Which persons are to be expected locally and in which number?
Are special working conditions (for example long or confusing escape routes or scaffolding work) to be taken into account?
How fast can the fire department be on site and what equipment does it have?
How should the physical boundary conditions be assessed?

E.g. Temperature, air flows, humidity, room volume, room area, room height


Possible sources of ignition
Are works carried out with an open flame or high temperatures?
Can ignition sources be generated by improper operating conditions?
Are there any effects from electrical, mechanical, chemical and / or thermal energy?
How effective are the ignition sources?


On licensing and other requirements
Which building regulations requirements are required with regard to preventive and defensive fire protection?
Are requirements already known from previous reports?

E.g. from fire safety reports, fire protection concepts according to the building permit, risk assessments, safety reports according to accident regulations, etc.


2  Determine protective measures

Employers must put control measures in place to eliminate risks from dangerous substances, or reduce them as far as is reasonably practicable.

The best solution is to eliminate the risk completely by replacing the dangerous substance with another substance, or using a different work process, but in practice this may be difficult to achieve. Where it is not possible to eliminate the risk completely employers must take measures to control risks and reduce the severity of the effects of any harmful event. 

When the risk cannot be eliminated, control measures should be applied in the following priority order:

  • Reduce the quantity of dangerous substances to a minimum
  • Avoid or minimize releases of dangerous substances
  • Control releases of dangerous substances at source
  • Prevent the formation of a dangerous atmosphere
  • Collect, contain and remove any releases to a safe place (e.g. through ventilation)
  • Avoid ignition sources
  • Avoid adverse conditions that could lead to danger 
  • Keep incompatible substances apart

In addition to control measures, employers should put mitigation measures in place. These measures should be consistent with the risk assessment and appropriate to the nature of the operation and include:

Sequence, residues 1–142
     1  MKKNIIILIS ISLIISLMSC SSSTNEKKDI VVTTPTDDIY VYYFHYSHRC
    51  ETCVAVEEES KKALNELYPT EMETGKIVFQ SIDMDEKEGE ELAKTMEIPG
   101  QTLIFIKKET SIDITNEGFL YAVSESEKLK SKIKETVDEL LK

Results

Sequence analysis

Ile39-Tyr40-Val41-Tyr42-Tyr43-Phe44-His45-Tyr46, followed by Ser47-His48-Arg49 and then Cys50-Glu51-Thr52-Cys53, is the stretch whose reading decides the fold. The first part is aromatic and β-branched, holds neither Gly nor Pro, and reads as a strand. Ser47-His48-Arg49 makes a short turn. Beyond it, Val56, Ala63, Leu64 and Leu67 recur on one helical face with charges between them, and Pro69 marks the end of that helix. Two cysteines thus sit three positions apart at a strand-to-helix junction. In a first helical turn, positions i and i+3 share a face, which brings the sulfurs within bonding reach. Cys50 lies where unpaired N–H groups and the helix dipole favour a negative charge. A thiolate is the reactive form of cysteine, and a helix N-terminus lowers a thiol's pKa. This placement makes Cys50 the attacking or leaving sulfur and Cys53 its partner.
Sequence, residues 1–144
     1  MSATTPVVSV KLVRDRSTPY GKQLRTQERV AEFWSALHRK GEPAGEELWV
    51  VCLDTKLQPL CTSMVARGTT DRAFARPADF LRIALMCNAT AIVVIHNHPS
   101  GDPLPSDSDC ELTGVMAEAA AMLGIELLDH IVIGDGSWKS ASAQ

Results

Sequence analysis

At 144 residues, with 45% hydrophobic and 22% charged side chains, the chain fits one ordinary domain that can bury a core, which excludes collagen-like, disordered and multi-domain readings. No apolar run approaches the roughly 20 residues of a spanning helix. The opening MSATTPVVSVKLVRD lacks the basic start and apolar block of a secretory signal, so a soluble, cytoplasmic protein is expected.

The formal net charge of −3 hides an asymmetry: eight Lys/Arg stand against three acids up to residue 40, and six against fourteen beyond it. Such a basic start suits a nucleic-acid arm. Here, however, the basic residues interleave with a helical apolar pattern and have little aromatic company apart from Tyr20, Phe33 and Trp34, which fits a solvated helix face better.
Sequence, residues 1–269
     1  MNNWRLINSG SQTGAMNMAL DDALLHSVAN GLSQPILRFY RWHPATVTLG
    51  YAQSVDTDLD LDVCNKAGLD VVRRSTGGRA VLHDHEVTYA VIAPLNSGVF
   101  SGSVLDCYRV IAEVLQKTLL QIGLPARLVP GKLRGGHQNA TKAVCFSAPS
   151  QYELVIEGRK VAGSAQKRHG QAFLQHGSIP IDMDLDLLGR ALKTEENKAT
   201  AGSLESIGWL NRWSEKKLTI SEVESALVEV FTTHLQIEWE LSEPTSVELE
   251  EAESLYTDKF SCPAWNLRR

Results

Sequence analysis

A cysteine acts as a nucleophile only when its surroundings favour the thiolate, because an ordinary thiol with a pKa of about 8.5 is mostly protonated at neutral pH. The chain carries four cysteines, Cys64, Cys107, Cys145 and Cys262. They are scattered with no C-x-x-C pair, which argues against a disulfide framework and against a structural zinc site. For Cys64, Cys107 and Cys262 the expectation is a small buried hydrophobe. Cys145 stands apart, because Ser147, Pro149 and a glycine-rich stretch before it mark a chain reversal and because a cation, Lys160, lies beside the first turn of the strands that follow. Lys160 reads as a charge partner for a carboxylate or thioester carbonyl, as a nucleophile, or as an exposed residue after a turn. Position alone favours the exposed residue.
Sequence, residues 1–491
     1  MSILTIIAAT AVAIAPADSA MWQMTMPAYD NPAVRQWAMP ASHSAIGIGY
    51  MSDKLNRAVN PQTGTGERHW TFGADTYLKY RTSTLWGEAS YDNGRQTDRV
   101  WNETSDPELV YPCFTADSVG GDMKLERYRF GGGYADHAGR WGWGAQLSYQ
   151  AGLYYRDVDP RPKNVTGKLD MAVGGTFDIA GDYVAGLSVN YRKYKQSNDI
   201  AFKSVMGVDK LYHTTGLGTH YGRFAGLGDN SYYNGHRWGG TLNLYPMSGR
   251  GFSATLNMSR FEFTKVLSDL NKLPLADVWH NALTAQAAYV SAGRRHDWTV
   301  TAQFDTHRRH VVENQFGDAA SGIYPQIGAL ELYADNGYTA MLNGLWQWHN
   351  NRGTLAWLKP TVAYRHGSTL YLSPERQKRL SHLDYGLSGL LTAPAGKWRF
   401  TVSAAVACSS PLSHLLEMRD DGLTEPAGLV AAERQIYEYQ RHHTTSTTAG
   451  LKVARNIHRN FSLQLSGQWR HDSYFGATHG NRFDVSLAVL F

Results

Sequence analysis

• Reducing the number of employees exposed to the risk
  • Providing plant that is explosion resistant
  • Providing plant that is corrosion resistant
  • Providing explosion suppression or explosion relief equipment
  • Taking measures to control or minimize the spread of fires or explosions
  • Providing suitable PPE

3  Devise emergency plans & procedures

Arrangements must be made to deal with emergencies. These plans and procedures should cover safety drills and suitable communication and warning systems and should be in proportion to the risks. If an emergency occurs, workers tasked with carrying out repairs or other necessary work must be provided with the appropriate equipment to allow them to carry out this work safely.

The information in the emergency plans and procedures must be made available to the emergency services to allow them to develop their own plans if necessary. 

Employees must also be provided with the relevant information, instructions, and training. This includes:

  • The dangerous substances present in the workplace and the risks they present including access to any relevant safety data sheets and information on any other legislation that applies
  • The findings of the risk assessment and the control measures put in place
  • Emergency procedures
  • Avoid dangerous quantities or concentrations of hazardous substances that could lead to fire or explosion hazards
  • Avoid ignition sources or other concentrations of hazardous substances that could lead to fire or explosions
  • Reduce as far as possible the effects of fires or explosions on the health and safety of workers and other persons

For example, when planning a hazardous goods warehouse, observe the following aspects (note: the above-mentioned measures in case of increased or high risk of fire are partly mutually reinforcing.) Measures with high risk of fire can replace the measures with increased risk of fire):

Increased fire hazard
- in addition to basic duties -
High fire hazard 
- in addition to basic duties -
Structural Fire Protection Spatial separation through safety or safety distances

Fire safety adequately dimensioned structural separation

Possibly. Increased stability through adequate fire resistance

Use of a tight enclosure with increased resistance (e.g., hazardous goods packaging)

Distribution of fire-hazardous substances into fire-resistant, separated areas

Fire protection dimensioning of the enclosures as part of the sytem

Use of double-walled systems

Increased stability through adequate fire resistance